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  41. John Mark Bishop (2009). Why Computers Can't Feel Pain. Minds and Machines 19 (4):507-516.
    The most cursory examination of the history of artificial intelligence highlights numerous egregious claims of its researchers, especially in relation to a populist form of ‘strong’ computationalism which holds that any suitably programmed computer instantiates genuine conscious mental states purely in virtue of carrying out a specific series of computations. The argument presented herein is a simple development of that originally presented in Putnam’s (Representation & Reality, Bradford Books, Cambridge in 1988 ) monograph, “Representation & Reality”, which if correct, has (...)
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  42. Ned Block (ed.) (1978). Readings in the Philosophy of Psychology. , Vol.
  43. Helmut Blumberg, Ulrike Hoffman, Mohsen Mohadjer & Rudolf Scheremet (1997). Sympathetic Contribution to Pain – Need for Clarification. Behavioral and Brain Sciences 20 (3):487-489.
    Certain patients with a possible contribution of the sympathetic system to pain may not fit the definition of complex regional pain syndromes (CRPS), which raises the question of terminology for those patients. To further clarify the relationship between the sympathetic system and pain, apart from the need for placebo studies, there remains an urgent need for a satisfactory definition of the criteria for a complete sympathetic block. It also remains uncertain whether a change in the discharge pattern of sympathetic fibres (...)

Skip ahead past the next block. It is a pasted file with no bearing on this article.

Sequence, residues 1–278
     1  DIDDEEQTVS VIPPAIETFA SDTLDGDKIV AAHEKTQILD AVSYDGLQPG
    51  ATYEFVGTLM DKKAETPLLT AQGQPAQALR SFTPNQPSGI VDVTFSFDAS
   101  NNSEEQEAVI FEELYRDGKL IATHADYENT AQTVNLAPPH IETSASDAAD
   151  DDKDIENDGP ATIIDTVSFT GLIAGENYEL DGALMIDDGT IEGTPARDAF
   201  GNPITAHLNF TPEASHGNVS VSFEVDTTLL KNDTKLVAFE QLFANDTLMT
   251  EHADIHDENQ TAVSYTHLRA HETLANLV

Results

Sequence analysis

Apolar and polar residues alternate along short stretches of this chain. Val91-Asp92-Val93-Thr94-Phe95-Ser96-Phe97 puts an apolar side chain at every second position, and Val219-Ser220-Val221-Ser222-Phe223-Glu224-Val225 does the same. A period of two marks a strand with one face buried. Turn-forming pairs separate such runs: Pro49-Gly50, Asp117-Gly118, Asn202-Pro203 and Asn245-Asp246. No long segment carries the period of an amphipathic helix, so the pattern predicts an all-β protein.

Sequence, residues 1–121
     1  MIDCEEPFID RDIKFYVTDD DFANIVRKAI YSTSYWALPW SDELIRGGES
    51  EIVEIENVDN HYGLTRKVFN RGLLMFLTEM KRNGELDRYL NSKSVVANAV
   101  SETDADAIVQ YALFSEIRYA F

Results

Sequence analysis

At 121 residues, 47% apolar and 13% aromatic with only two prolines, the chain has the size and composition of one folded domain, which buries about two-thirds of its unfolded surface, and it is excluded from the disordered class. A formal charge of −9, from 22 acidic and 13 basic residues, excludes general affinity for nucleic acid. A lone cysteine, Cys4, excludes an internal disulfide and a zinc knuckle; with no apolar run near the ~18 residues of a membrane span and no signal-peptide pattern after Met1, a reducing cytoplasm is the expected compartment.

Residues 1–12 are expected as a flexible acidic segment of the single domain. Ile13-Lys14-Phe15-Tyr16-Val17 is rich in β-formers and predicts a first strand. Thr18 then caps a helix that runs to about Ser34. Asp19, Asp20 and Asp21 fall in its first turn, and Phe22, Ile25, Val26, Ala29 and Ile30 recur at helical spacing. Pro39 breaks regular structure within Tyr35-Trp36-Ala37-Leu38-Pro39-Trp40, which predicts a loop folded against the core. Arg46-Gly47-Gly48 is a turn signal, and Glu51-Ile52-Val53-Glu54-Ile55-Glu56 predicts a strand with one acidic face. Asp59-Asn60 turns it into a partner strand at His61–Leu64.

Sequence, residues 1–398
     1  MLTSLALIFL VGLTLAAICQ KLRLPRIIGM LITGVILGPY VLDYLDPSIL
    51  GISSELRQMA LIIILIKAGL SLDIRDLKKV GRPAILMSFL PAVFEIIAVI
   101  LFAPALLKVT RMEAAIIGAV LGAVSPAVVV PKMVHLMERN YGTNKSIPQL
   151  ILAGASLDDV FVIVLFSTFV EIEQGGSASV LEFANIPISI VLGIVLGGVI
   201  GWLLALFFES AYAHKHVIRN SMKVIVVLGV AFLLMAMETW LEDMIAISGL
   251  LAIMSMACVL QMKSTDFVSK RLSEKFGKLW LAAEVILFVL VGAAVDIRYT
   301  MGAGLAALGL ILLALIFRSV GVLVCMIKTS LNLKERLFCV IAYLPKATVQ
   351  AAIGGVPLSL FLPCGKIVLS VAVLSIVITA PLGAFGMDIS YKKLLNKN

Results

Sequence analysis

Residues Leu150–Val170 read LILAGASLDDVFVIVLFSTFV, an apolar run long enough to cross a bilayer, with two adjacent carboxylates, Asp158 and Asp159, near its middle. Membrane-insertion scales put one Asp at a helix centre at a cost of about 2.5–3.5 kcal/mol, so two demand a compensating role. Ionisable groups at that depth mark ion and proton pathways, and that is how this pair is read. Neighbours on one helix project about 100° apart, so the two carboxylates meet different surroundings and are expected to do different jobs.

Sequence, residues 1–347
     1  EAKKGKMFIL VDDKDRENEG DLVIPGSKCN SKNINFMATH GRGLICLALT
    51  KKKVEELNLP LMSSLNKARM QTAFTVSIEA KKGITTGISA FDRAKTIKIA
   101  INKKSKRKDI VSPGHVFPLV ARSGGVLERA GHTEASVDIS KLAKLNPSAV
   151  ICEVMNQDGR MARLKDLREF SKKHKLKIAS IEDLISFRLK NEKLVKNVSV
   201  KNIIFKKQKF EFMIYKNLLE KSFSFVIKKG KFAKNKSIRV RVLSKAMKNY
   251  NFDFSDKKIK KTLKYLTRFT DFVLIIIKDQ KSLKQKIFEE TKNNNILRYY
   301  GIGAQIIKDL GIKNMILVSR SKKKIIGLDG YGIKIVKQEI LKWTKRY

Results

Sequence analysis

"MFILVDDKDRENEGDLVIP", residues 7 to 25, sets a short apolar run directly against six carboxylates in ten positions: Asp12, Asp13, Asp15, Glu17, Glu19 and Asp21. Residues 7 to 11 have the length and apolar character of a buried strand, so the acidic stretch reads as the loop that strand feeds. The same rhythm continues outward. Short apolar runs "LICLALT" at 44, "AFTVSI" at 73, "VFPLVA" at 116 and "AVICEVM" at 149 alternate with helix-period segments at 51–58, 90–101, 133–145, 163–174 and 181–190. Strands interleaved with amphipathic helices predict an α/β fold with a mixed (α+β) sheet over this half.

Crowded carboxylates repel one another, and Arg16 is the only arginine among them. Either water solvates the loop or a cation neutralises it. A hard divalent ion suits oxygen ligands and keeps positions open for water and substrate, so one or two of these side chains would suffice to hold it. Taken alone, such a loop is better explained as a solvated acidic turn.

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  44. Helmut Blumberg, Ulrike Hoffmann, Mohsen Mohadjer & Rudolf Scheremet (1997). Sympathetic Nervous System and Pain: A Clinical Reappraisal. Behavioral and Brain Sciences 20 (3):426-434.
    The target article discusses various aspects of the relationship between the sympathetic system and pain. To this end, the patients under study are divided into three groups. In the first group, called (RSD), the syndrome can be characterized by a triad of autonomic, motor, and sensory symptoms, which occur in a distally generalized distribution. The pain is typically felt deeply and diffusely, has an orthostatic component, and is suppressed by the ischemia test. Under those circumstances, the pain is likely to (...)
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  45. P. Bob (2008). Pain, Dissociation and Subliminal Self-Representations. Consciousness and Cognition 17 (1):355-369.
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  46. Jane N. Bolin (2006). Pernicious Encroachment Into End-of-Life Decision Making: Federal Intervention in Palliative Pain Treatment. American Journal of Bioethics 6 (5):34 – 36.
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  47. Mélanie Boly, Marie-Elisabeth Faymonville, Brent A. Vogt, Pierre Maquet & Steven Laureys (2007). Hypnotic Regulation of Consciousness and the Pain Neuromatrix. In Graham A. Jamieson (ed.), Hypnosis and Conscious States: The Cognitive Neuroscience Perspective. Oxford University Press. 15-27.
  48. Vence L. Bonham (2001). Race, Ethnicity, and Pain Treatment: Striving to Understand the Causes and Solutions to the Disparities in Pain Treatment. Journal of Law, Medicine and Ethics 28 (s4):52-68.
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  49. Catharine C. Braddock (1920). The Utility of Pain. International Journal of Ethics 30 (2):213-219.
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  50. Lucy Bradley-Springer (1995). Being in Pain: A Nurse's Experience. Journal of Phenomenological Psychology 26 (2):58-70.